Ten Practices to Keep You From Being Hacked During COVID-19

(Advice from Mark W. Schleisner ’20K, Naim Glloxhani ’20K, Teddy Mutterperl ’20K, Ben Milshtein ’20K and David Deutscher ’20K, students in the Katz School of Science and Health’s MS in Cybersecurity)

1) Educate yourself on what a COVID-19 scam looks like

Attackers will use phishing emails with malware attachments and links, malware-laden fake apps that pretend to educate you and phony charity or informational websites that try to trick you into donating money (see #9).

2) Use your employer-provided virtual private network (VPN) or purchase one from a trusted vendor

A VPN can create an encrypted connection or “tunnel” between you and your organizations’ networks and data. VPNs ensure that corporate tools and applications are used only by users with the right permissions.

3) Maintain secure and well-kept passwords

Use complex passwords of at least 8 characters (with numbers, letters, and special characters). Use multifactor authentication if available, especially with your bank and email accounts (see #6). Change important passwords every 30-60 days and use an online password manager/vault to store your passwords (such as Enpass, LastPass or 1Password).

4) Secure your Wi-Fi access point(s)

Change the default password on your router as well as on any other home network devices. Do not connect to any unsecured or unknown Wi-Fi networks; only connect to Wi-Fi networks secured with a password. In configuring your home network, secure it with a unique password, and ensure that it is protected using WPA2, Wi-Fi Protected Access 2.

5) Turn on end-to-end encryption for Zoom video calls

If you communicate via Zoom meetings, enable the end-to-end encryption feature that Zoom provides by signing in to the Zoom web portal and selecting account management > IM management. Then select the IM settings tab at the top of the page. Navigate to the Enable end-to-end chat encryption option and verify that the setting is enabled. If the setting is disabled, click the toggle to enable it.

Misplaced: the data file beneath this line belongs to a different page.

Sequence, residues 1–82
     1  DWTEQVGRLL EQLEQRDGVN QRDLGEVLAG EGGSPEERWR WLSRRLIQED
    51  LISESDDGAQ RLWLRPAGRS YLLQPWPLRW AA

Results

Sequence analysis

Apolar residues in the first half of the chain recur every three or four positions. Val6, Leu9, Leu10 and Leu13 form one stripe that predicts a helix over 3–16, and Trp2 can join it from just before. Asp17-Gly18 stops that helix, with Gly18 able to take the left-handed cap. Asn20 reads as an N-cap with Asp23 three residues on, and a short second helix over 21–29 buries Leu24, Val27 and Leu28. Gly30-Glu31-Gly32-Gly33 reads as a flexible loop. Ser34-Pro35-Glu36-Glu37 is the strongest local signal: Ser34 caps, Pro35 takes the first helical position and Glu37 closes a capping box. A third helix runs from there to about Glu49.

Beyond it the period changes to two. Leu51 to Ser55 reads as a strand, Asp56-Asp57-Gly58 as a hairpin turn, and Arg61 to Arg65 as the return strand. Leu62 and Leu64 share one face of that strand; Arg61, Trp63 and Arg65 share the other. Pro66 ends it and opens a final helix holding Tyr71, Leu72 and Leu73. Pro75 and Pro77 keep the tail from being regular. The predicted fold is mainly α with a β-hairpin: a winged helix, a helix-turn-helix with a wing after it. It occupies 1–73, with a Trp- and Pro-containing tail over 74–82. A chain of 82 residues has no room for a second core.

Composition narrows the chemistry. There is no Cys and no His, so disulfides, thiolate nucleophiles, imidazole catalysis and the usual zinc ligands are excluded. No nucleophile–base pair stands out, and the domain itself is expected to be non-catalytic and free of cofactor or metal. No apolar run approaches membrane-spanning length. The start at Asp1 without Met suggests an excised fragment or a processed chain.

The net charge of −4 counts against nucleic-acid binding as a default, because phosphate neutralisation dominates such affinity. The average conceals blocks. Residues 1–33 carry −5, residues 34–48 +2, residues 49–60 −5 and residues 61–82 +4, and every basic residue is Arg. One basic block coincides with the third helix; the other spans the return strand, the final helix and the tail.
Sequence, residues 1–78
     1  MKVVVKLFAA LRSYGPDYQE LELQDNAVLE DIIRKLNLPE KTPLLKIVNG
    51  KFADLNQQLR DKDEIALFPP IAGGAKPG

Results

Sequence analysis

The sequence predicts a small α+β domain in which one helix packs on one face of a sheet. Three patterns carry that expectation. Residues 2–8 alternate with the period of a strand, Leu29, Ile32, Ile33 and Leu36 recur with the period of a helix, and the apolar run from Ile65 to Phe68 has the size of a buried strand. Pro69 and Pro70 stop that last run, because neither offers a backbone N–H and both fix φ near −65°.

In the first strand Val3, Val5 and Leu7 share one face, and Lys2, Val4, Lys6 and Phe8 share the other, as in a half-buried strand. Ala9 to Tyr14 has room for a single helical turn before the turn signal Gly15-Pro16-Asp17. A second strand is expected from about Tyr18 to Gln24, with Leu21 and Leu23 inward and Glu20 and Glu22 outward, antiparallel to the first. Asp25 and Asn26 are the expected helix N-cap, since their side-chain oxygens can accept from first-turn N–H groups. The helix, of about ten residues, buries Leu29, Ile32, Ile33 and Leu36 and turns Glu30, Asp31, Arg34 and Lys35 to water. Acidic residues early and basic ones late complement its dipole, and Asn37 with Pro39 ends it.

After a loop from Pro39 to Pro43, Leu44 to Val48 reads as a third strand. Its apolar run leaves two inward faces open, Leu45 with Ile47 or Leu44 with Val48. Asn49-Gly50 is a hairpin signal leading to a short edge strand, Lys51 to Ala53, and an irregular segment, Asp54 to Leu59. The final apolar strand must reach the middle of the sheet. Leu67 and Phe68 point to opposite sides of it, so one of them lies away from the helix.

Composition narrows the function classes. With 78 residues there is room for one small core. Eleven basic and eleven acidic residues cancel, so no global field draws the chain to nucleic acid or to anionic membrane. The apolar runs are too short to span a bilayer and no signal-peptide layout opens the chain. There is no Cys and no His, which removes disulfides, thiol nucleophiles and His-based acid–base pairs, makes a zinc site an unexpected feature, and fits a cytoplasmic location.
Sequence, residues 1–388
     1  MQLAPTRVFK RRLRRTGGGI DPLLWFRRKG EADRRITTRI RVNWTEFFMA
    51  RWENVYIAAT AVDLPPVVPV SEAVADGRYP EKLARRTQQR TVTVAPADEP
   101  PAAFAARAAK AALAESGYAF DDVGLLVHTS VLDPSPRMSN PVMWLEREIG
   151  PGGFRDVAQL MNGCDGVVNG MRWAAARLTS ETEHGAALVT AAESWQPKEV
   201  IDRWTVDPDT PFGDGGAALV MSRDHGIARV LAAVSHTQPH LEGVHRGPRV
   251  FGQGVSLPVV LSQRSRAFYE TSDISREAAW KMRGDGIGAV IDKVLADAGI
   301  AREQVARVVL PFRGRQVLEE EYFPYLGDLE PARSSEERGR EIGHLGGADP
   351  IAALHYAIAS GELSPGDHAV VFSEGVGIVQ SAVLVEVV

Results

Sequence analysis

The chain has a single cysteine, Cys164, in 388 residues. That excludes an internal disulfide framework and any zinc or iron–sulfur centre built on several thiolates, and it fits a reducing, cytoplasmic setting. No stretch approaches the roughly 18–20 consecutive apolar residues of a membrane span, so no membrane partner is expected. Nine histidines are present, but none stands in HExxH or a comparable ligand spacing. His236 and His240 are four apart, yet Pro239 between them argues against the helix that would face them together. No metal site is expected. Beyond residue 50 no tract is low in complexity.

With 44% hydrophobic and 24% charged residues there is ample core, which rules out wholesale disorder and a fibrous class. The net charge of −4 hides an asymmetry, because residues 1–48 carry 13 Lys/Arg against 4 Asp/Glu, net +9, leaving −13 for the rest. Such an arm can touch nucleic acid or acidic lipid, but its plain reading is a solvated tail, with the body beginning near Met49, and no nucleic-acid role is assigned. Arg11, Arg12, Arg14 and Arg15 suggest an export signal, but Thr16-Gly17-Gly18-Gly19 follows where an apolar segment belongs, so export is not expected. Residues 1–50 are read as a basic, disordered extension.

6) SMS text message-based MFA

Multifactor authentication (MFA) verifies a user’s identity by requiring multiple credentials. After you enter the username and password, MFA requires additional credentials, such as a security code sent via text to a smartphone. Safe and reliable MFA software includes DUO, Microsoft Authenticator and Okta.

7) Update your Antivirus Software

Install reliable antivirus software, such Norton AntiVirus, Kaspersky, Bitdefender, and Windows Defender, and keep it updated. These programs offer real-time monitoring for viruses, malware/spyware, and ransomware. Some will remove any virus or malware found on your local machine.

8) Your work computer should be used ONLY by you and ONLY for job-related activities

If other people use your devices for personal use, you lose any cybersecurity protection your work network is providing. The game apps children download may contain malware that targets your work data and spreads to your employer’s entire network the next time you connect to it.

9) Be aware of trendy phishing campaigns on the internet

Cybercriminals are exploiting the coronavirus outbreak by creating fake email campaigns to misdirect employees to click on links and/or attachments that seem to be from corporate management but may result in malware being downloaded onto your device.

10) Very Important! Always keep in contact with your employer while working remotely!

Since the whole world is affected by the coronavirus, companies may or may not update their policies. Be vigilant in staying in touch by leveraging communication platforms for any policy changes such as remote access, travel and other matters.